Comfortable Handling isn’t Always Healthy

July 22, 2013
Investing only in what you know can make ROI a stranger.

Sometimes it seems companies aren’t much smarter about spending their money than consumers—particularly when it comes to self improvement. Take the process of getting lean, for example. Many weight-conscious consumers know it’s in their best interest to slim down, but when tough times hit they’re drawn more to comfort foods than items that will better address their needs. As a result, the wrong choice cancels out their good intentions.

According to a study performed by Vanson Bourne and commissioned by Intermec, companies have similar conflicts regarding their technology investments. They know they need to be more efficient if they’re going to meet the rising demand for same-day or next-day service, but they’re more likely to spend money on comfort technologies—solutions they’re familiar with—than those that are more, shall we say, cutting-edge. Here’s an example of such a mismatch from the study:

  • Overall, transport and logistics managers felt that a process re-engineering effort could improve efficiency levels by over 13%.
  • Despite this belief, over a third (39%) have failed to complete a process re-engineering effort in the last year.  (And nearly three quarters (72%) of these have not evaluated their existing processes for at least two years.)

It could be that existing systems were performing just fine and these respondents didn’t see the need to do anything heroic. They also might have been trained in a regime where re-engineering a material handling process is more about product flows than data flows. In such a regime, capital is spent on solutions where results can only be witnessed by the naked eye.

But as service demand from customers gets more sophisticated (i.e., the need for same-day delivery), so do the enabling technologies. Before you know it, customer demand is outpacing performance capacity.

I talked to Jeff Sibio, director of industry marketing for transportation & logistics at Intermec, about some of the conflicts in the findings of the study they commissioned, and he told me they were borne out in site visits he and his colleagues have made.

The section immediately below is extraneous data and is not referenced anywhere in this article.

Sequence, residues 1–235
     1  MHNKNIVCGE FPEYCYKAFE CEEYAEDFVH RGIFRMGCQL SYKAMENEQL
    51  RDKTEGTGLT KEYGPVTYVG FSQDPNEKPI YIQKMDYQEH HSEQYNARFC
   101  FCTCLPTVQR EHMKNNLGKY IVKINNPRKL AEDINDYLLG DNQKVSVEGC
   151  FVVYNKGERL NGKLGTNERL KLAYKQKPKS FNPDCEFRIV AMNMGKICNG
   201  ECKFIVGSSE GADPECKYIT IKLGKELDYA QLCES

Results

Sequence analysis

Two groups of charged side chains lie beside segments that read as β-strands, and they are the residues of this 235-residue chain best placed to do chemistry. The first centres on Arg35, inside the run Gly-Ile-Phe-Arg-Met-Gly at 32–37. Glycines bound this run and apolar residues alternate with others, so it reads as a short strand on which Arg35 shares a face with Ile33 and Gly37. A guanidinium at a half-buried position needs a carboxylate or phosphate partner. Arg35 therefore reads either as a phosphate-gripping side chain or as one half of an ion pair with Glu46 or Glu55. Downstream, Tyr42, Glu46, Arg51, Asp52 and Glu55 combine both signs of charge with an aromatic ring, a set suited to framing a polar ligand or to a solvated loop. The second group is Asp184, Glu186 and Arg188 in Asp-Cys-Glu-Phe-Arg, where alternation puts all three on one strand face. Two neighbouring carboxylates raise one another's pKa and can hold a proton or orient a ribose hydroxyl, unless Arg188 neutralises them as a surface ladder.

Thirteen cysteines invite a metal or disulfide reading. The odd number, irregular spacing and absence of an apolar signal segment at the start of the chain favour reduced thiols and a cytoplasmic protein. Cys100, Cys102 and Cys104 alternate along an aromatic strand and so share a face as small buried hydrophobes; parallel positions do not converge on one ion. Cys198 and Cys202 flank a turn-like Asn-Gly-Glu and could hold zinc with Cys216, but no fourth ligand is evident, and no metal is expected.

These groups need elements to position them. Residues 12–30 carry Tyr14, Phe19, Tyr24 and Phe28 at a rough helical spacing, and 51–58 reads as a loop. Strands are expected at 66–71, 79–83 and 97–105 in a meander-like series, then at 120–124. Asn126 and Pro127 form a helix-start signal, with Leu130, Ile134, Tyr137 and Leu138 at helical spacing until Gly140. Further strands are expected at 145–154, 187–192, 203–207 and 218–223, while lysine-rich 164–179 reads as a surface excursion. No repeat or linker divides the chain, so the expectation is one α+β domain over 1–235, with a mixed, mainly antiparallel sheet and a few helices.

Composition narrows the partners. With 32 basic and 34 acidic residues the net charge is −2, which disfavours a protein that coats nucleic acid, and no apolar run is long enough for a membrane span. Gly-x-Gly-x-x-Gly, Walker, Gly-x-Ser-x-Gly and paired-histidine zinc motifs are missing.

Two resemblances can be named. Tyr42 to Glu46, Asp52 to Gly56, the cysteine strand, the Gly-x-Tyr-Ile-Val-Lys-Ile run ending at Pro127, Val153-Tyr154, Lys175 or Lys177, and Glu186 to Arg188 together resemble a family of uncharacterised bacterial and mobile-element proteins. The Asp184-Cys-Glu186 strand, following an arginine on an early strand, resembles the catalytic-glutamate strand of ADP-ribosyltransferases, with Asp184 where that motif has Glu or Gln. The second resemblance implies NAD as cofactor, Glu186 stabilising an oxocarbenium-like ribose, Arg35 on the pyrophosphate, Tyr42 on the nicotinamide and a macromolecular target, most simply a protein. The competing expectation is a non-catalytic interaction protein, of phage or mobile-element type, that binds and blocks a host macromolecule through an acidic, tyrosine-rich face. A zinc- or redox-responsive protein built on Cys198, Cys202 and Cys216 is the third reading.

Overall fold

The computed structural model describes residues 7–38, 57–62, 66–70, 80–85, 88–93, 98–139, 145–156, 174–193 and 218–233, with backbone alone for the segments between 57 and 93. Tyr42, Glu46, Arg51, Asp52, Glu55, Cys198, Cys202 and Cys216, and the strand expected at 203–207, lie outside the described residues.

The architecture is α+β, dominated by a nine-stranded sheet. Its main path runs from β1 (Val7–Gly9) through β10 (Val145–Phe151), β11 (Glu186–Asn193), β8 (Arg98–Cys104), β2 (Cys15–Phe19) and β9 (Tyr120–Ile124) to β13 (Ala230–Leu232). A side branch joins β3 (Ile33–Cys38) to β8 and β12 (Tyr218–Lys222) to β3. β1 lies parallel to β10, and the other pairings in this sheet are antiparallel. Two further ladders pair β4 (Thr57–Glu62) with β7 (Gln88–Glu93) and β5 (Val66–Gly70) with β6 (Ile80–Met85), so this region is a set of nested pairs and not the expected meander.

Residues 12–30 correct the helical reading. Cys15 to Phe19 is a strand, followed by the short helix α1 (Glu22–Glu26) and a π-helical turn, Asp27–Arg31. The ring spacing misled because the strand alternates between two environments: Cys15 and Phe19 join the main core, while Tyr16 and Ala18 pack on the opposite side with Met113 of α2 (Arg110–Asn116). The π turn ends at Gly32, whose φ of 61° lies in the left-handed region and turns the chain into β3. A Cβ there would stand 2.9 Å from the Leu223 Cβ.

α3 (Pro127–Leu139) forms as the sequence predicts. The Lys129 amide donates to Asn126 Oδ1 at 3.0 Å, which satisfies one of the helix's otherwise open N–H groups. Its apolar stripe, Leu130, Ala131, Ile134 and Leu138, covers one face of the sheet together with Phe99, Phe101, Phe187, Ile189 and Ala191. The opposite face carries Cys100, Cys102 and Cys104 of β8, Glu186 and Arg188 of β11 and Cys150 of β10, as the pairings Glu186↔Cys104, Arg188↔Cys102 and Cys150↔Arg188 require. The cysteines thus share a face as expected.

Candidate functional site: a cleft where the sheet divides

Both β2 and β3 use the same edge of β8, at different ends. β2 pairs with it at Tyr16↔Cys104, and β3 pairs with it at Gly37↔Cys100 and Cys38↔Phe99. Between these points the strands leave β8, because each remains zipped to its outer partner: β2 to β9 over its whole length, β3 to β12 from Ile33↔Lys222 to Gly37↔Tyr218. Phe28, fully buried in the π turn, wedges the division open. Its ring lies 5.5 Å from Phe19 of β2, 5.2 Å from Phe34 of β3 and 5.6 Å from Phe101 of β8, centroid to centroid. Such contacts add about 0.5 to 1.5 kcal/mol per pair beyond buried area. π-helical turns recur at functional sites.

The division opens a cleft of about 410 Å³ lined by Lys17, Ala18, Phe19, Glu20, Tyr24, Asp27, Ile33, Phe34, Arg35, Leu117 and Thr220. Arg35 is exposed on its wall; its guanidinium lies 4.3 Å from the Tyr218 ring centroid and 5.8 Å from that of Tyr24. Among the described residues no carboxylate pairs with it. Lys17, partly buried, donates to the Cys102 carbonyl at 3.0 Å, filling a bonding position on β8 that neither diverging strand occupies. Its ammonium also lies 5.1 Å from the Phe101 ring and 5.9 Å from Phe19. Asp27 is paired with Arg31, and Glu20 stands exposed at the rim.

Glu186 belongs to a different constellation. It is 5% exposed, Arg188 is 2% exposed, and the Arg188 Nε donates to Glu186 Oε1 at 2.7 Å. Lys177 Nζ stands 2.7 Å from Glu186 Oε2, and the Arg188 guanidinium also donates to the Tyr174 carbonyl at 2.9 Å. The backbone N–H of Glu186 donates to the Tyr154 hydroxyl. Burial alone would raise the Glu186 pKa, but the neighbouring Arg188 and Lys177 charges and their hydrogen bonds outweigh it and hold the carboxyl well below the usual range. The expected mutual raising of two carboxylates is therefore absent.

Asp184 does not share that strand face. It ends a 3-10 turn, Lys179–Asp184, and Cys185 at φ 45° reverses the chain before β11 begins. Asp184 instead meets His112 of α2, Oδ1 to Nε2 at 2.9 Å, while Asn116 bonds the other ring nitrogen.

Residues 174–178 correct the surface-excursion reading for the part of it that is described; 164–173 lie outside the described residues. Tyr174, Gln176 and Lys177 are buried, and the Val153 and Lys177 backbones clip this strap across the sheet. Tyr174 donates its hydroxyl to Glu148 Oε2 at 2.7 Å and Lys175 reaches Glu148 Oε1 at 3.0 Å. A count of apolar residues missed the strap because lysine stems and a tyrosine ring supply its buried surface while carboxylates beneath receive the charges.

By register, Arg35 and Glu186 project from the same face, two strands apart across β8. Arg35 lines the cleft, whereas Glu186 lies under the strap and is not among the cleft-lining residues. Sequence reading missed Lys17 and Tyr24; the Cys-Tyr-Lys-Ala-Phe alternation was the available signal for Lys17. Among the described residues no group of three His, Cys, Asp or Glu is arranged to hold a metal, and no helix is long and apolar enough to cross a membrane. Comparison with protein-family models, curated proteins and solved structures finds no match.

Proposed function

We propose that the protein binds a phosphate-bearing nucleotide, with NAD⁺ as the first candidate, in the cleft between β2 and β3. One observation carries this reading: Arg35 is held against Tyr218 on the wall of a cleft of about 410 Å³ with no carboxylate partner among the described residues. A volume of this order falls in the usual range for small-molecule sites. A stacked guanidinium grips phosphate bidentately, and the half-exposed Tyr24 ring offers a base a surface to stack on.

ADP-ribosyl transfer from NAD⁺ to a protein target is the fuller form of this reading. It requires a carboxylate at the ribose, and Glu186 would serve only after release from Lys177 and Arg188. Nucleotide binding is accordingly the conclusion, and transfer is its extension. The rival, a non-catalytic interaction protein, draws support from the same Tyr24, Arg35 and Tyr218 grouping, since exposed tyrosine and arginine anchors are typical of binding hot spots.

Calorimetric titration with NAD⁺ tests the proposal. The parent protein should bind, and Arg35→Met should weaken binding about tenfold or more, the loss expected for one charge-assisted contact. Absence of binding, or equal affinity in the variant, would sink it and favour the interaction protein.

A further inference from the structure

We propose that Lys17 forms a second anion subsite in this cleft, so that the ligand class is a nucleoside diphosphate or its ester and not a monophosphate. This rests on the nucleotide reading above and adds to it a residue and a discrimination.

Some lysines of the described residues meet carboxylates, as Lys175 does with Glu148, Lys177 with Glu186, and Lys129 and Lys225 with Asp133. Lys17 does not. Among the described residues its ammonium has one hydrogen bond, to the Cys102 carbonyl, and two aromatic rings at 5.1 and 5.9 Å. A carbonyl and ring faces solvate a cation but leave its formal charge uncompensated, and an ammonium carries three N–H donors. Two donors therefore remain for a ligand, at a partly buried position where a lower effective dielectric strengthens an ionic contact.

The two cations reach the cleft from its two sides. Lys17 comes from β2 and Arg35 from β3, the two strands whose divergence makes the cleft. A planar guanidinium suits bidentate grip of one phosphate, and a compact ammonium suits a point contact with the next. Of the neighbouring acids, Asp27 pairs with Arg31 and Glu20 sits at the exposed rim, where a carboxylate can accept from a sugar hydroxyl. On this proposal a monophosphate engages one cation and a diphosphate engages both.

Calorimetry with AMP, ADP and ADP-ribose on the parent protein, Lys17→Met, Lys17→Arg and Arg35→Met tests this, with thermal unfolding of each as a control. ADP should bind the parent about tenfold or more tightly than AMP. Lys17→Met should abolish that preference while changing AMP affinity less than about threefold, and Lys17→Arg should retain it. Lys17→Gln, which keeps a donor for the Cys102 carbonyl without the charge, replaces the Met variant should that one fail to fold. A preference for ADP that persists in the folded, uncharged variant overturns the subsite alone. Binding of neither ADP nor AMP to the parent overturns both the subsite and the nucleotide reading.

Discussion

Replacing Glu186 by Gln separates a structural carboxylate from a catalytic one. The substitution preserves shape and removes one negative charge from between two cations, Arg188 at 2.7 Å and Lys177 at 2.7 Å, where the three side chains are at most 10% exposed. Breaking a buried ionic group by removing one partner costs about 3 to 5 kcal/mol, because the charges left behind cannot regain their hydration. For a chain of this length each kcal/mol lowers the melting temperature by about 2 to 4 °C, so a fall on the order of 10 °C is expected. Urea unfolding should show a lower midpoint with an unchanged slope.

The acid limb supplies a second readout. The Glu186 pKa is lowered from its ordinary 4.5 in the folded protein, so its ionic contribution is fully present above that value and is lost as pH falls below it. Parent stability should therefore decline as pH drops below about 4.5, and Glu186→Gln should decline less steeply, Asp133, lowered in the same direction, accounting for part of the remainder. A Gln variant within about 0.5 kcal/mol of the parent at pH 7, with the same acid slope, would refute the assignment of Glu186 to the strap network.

“We often find that a customer’s physical bits and pieces are in place because they’ve understood the physical nature of things for a long time,” he said. “The thing that was missing was the availability and accessibility of information, to make fast decisions and process transactions quickly. 77% of the respondents said information availability was one of their key driving factors.”

This deficit in the ability to process information has a detrimental effect on material handling systems. As a result, their physical flow capacity is underutilized because the information isn’t moving quickly enough. The conveyors in an automated sortation system might be running at 27% of their physical capacity because of sludgy information flow.  The user can’t get the information to the decision point quickly enough.

“If you’re working in an environment where you know you’re the physical limitation, you do things to automate the physical nature of things,” Sibio explained. “But if you do that to an extreme where you’ve optimized one portion of the process to where it’s limited by other portions, you can see where the physical could have been optimized but then becomes limited by the information flow.”

Return on investment is the ultimate comfort food—as long as you stay in the habit of updating the recipe.